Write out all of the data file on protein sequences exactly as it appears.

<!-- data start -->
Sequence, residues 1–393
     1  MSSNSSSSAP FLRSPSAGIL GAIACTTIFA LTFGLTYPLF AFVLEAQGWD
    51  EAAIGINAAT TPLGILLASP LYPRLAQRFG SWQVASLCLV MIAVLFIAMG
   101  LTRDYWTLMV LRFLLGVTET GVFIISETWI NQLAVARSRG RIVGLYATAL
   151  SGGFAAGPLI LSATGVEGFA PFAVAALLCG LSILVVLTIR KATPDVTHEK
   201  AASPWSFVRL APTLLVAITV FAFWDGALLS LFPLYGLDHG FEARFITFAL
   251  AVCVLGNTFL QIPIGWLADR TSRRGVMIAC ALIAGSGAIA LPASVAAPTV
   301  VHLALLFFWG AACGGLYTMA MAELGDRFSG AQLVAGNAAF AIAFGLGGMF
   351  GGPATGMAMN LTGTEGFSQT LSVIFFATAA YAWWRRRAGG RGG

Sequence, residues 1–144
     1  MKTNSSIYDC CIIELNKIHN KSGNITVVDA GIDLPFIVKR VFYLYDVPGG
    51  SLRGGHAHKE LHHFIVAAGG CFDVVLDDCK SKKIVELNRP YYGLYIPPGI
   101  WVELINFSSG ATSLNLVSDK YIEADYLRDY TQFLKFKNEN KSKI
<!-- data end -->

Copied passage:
Sequence, residues 1–393
     1  MSSNSSSSAP FLRSPSAGIL GAIACTTIFA LTFGLTYPLF AFVLEAQGWD
    51  EAAIGINAAT TPLGILLASP LYPRLAQRFG SWQVASLCLV MIAVLFIAMG
   101  LTRDYWTLMV LRFLLGVTET GVFIISETWI NQLAVARSRG RIVGLYATAL
   151  SGGFAAGPLI LSATGVEGFA PFAVAALLCG LSILVVLTIR KATPDVTHEK
   201  AASPWSFVRL APTLLVAITV FAFWDGALLS LFPLYGLDHG FEARFITFAL
   251  AVCVLGNTFL QIPIGWLADR TSRRGVMIAC ALIAGSGAIA LPASVAAPTV
   301  VHLALLFFWG AACGGLYTMA MAELGDRFSG AQLVAGNAAF AIAFGLGGMF
   351  GGPATGMAMN LTGTEGFSQT LSVIFFATAA YAWWRRRAGG RGG

Sequence, residues 1–144
     1  MKTNSSIYDC CIIELNKIHN KSGNITVVDA GIDLPFIVKR VFYLYDVPGG
    51  SLRGGHAHKE LHHFIVAAGG CFDVVLDDCK SKKIVELNRP YYGLYIPPGI
   101  WVELINFSSG ATSLNLVSDK YIEADYLRDY TQFLKFKNEN KSKI